85%

Sector income is maintained above the 85% threshold of five year average income

March 31, 2020[1]

121%

(for the 2015 program year)

113%

(for the 2016 program year)

104%

(for the 2017 program year)

The agricultural sector is financially resilient Percentage of financially healthy farms

90%

Percentage of financially healthy farms is maintained at least 90%

December 31, 2020[2]

90.7%

(based on data in the 2017 Farm Financial Survey)

Not available Not available
The agriculture and agri-food sector is equipped with assurance systems and supporting tools Percentage of implementation plans for assurance projects reported to be functioning Range between 65% and 85% March 31, 2023[3] Not available Not available Not available

Note: For indicators introduced in 2018–19 as part of the transition to the Departmental Results Framework, past results have been sourced from publicly available data, where applicable. Actual results that are “not available” were not previously measured or reported prior to 2018–19 or are due to lag times in data availability as noted below.

  1. The indicator demonstrates whether there have been significant financial downswings in primary agriculture incomes, after accounting for Business Risk Management programs. A percentage less than 100% indicates that the sector's income is worse than the five-year average. Indicator has a two-year lag time; results for the 2019 program year will be available in fall 2022.
  2. Indicator has a two-year lag time; data is only available every two years based on the Farm Financial Survey.
  3. Indicator has a lag time; actual result will be available every year in October, starting in 2021–22.
Budgetary financial resources (dollars) - Sector Risk
2019–20
Main Estimates
2019–20
Planned spending
2019-20
Total authorities
available for use
2019–20
Actual spending (authorities used)
2019–20
Difference (actual spending minus planned spending)
1,506,697,119 1,506,697,119 1,200,974,105 1,177,946,837 (328,750,282)

Note: Actual spending was less than planned spending mainly due to a decrease in demand and participation in the AgriStability program, a reduced requirement for AgriRecovery disaster response initiatives, as well as current low interest rates and low participation in the Canadian Agricultural Loans Act program and a stay of default resulting in lower loan guarantee payments under the Agricultural Marketing Programs Act program. In addition, actual spending is net of $12.6 million related to a return of funding from statutory grant and contribution programs.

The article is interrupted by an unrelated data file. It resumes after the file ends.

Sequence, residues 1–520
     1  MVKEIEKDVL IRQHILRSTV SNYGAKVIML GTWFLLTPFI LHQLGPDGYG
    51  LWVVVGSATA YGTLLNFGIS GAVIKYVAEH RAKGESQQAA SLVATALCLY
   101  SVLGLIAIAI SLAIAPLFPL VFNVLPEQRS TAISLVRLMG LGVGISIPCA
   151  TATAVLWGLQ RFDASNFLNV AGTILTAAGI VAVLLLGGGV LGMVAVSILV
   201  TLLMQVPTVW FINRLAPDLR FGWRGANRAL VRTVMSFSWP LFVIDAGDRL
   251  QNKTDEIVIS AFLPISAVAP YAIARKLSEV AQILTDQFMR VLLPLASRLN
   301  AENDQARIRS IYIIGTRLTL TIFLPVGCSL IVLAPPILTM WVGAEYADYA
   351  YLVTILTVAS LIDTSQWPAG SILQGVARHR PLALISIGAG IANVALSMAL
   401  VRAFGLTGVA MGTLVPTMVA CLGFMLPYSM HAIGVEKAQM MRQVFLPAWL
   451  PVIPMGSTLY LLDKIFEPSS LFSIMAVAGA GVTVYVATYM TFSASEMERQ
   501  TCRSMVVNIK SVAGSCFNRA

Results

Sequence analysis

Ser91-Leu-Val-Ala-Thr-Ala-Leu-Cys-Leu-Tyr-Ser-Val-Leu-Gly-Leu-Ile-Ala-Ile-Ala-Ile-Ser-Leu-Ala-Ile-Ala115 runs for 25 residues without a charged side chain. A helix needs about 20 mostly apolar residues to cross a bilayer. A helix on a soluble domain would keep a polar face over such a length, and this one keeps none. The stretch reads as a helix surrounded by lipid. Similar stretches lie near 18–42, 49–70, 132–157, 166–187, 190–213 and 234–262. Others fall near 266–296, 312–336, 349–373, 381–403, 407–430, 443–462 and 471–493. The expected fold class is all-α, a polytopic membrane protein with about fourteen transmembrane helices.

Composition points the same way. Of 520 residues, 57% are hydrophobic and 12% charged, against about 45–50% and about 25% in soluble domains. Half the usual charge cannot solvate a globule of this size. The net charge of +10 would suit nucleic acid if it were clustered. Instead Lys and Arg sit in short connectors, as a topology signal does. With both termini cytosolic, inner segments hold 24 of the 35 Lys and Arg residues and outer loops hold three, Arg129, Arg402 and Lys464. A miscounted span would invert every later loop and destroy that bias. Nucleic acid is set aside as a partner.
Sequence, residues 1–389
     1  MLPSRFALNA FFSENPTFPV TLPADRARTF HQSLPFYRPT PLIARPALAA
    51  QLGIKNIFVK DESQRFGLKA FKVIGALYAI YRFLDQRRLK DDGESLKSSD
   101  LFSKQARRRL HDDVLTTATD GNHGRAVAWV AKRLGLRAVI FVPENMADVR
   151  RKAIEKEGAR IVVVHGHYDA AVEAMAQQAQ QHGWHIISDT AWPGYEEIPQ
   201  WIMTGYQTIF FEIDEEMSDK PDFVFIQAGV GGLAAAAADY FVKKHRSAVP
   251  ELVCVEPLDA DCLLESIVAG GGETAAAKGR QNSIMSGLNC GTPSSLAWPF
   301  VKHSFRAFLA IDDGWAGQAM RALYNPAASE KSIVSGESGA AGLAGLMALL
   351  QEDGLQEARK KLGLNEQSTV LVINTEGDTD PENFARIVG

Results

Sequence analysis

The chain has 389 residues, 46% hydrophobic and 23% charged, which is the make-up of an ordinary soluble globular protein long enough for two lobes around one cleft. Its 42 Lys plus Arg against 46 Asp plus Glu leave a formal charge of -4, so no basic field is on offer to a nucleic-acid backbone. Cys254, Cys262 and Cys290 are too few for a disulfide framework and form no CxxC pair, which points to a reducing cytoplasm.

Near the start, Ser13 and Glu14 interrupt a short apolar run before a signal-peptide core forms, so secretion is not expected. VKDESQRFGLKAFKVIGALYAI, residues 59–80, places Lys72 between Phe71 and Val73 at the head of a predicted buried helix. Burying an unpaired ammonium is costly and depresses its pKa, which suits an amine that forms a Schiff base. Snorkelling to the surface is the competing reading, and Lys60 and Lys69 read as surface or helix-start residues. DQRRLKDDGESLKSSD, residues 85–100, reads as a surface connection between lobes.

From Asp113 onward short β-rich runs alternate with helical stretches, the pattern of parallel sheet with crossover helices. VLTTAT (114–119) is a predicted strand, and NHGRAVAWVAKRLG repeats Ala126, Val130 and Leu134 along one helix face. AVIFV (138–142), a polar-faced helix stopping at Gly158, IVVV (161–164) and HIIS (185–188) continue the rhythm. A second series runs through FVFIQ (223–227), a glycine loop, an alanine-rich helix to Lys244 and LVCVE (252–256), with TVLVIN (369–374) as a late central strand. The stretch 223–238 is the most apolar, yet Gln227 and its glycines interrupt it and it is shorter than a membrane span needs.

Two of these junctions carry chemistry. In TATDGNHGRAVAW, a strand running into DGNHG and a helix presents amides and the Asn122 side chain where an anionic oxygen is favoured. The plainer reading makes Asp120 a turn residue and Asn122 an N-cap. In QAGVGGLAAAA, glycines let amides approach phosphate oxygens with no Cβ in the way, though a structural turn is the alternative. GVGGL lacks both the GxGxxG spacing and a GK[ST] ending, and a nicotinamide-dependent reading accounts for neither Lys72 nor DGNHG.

Human resources (full-time equivalents) - Sector Risk
2019–20
Planned full-time equivalents
2019–20
Actual full-time equivalents
2019–20
Difference (actual full-time equivalents minus planned
full-time equivalents)
448 443 (5)

Financial, human resources and performance information for the Agriculture and Agri-Food Canada Program Inventory is available in the GC InfoBase.

Internal services

Description: Internal services are those groups of related activities and resources that the federal government considers to be services in support of programs and/or required to meet corporate obligations of an organization. Internal services refers to the activities and resources of the 10 distinct service categories that support program delivery in the organization, regardless of the internal services delivery model in a department. These 10 service categories are:

Results highlights Internal services

In 2019–20, Agriculture and Agri-Food Canada undertook a number of specific initiatives in support of the Department's mandate and to strengthen its capacity to deliver results to Canadians.

Strengthening service delivery and transparency

The Department continues to support client-centred, digitally enabled and integrated services to meet stakeholder expectations and achieve quality results. Continued investments in digital technology have helped modernize how programs and services are delivered to Canadians, including by enhancing accessibility and improving ease-of-use. Agriculture and Agri-Food Canada has also initiated and employed digital tools that enable secure two-way communication between clients and the Department. These modifications enable the Department to provide directed assistance to users through both phone-based and web-based channels, and also allows for the solicitation of feedback on programming and service improvements.